For the first week of June Academy, I taught a 15-hour course on Egyptian Hieroglyphics. Many students produced spectacular results, as you can gather from this poster showing their name cards (explanation to follow):
The student work is visually beautiful, much of it accompanied by cogent explanations written by the students (who ranged from freshmen to juniors). So what are name cards, you wonder? These are simply standard tent cards of the sort you see at conferences, except that the students wrote their names in hieroglyphics. On Day One they did that with the aid of the hieroglyphic alphabet bookmarks that each received. (See image on the right.) Of course the quality of the student art work varied enormously, but everyone tried their best, and this was never meant to be an art course.
The difficulty, however, is that the bookmark is only about 50% accurate (an important lesson there). It can’t be fully accurate, as Egyptian hieroglyphics do not match our 26-letter alphabet. In fact, they aren’t an alphabet at all. As my students learned, some hieroglyphs represent sounds, but many don’t. Some represent pairs of sounds, or triples (like nfr), and some represent meanings, like a sparrow for small. And even the sounds are only consonants; Egyptian (like Hebrew and Arabic) didn’t record vowels at all.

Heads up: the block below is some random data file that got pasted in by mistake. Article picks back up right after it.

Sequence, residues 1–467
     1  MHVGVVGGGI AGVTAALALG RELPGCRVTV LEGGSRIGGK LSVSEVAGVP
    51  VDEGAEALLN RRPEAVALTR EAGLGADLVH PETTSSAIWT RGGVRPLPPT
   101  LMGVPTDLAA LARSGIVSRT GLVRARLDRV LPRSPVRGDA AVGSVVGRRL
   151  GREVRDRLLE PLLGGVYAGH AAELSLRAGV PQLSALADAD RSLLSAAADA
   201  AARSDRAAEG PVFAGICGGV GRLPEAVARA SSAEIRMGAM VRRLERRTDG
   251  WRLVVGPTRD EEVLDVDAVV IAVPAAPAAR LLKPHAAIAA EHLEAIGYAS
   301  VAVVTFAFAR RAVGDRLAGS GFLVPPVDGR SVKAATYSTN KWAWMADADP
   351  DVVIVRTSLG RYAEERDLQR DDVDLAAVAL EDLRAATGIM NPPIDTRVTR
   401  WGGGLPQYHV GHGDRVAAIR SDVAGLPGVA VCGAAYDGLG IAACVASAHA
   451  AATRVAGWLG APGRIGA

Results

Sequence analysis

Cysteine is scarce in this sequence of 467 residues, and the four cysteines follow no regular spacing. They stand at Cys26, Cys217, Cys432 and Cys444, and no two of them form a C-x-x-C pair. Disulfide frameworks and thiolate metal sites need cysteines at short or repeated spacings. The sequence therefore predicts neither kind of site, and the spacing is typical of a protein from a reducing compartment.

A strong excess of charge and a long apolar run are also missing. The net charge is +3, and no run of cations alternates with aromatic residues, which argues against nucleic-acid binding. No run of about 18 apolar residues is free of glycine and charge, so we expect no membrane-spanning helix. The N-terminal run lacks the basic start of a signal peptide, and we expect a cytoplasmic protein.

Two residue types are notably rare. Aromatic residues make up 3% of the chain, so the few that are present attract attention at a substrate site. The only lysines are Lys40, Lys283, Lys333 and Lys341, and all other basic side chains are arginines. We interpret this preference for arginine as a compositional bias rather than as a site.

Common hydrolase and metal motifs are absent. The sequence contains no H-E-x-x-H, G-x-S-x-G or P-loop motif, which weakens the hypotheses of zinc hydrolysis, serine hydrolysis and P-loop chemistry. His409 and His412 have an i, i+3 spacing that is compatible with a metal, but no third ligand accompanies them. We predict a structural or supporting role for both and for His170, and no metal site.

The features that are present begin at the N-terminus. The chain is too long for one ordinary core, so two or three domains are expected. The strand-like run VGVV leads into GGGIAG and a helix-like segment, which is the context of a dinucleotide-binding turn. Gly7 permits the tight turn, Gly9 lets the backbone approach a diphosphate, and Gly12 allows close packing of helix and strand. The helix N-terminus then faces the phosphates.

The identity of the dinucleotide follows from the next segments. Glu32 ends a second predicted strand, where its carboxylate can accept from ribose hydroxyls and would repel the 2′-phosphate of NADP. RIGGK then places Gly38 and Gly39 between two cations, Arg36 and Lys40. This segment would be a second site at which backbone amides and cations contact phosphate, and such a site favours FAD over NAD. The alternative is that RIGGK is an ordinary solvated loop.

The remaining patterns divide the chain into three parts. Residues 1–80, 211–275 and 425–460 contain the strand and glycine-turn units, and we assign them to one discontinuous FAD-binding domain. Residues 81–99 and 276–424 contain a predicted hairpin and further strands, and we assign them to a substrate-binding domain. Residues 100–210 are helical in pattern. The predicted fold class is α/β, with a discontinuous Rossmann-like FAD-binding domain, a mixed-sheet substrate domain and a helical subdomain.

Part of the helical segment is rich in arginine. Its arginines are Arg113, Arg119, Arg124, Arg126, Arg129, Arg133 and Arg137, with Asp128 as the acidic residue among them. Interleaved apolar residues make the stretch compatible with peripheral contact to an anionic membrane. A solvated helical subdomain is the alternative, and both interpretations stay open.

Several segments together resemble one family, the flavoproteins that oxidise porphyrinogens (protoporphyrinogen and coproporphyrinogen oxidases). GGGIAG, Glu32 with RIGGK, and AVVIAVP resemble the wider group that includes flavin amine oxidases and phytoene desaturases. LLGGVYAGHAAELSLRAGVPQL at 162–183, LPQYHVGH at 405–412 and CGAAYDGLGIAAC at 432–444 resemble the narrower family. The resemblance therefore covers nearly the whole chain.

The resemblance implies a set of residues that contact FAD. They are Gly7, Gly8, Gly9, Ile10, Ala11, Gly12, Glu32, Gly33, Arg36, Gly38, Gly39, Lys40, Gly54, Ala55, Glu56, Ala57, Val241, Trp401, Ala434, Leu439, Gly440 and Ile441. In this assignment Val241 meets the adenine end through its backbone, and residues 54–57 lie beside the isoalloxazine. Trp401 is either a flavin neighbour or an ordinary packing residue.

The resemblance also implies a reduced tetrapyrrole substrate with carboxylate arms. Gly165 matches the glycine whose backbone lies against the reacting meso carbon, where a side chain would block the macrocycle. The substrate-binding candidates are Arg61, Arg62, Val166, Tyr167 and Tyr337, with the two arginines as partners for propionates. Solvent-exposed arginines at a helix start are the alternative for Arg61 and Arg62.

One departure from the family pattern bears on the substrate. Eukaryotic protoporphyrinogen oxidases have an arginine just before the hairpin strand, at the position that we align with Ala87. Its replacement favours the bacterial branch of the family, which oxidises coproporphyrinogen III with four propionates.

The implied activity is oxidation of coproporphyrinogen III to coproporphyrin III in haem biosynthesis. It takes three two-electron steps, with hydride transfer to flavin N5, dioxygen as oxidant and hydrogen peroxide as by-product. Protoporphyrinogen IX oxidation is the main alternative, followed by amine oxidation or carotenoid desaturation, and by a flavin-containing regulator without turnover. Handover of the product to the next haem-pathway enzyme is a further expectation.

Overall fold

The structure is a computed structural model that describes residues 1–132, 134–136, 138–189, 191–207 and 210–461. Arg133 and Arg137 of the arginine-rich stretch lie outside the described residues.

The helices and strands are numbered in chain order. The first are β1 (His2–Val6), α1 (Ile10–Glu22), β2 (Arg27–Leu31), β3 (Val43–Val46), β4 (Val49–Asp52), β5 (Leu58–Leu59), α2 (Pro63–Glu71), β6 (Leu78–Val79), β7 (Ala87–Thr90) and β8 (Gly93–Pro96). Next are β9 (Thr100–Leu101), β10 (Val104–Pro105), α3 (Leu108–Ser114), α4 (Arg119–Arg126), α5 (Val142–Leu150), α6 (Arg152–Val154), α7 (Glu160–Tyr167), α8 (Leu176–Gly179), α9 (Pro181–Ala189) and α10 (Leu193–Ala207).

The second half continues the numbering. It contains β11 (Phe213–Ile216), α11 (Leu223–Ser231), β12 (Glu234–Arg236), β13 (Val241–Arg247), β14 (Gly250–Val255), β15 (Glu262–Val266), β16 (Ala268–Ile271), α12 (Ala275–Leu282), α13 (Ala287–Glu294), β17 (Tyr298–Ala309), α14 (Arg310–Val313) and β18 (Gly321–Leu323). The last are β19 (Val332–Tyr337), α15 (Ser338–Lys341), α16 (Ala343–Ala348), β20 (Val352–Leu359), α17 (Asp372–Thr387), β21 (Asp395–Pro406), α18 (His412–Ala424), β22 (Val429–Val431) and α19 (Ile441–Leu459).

Whew! So, on Day Two the students made new name cards, and some volunteered to explain what they did and why, as you can see in the image above.
We also got to write on genuine Egyptian papyrus, as seen in the images below, showing some of the inscriptions that many of the students wrote. You can also see (on the right of the image) some of their explanations of Egyptian word-construction and the grammar of basic sentence order. We did a lot in 15 hours!
Finally, how could we avoid doing some math? Of course we couldn’t! So we spent a small amount of time on the amazing method that the ancient Egyptians developed for multiplying numbers without having to memorize multiplication tables (write-ups by some students on the posters), and on the unusual way the ancient Egyptians wrote fractions as sums of distinct unit fractions only, so 3/5 had to be written as 1/2 + 1/10 (more write-ups on the posters).
Almost all the students were fully engaged. The only negative was that some of the less-engaged students expected a lecture-free course, and it’s not quite clear why. Here was the course description: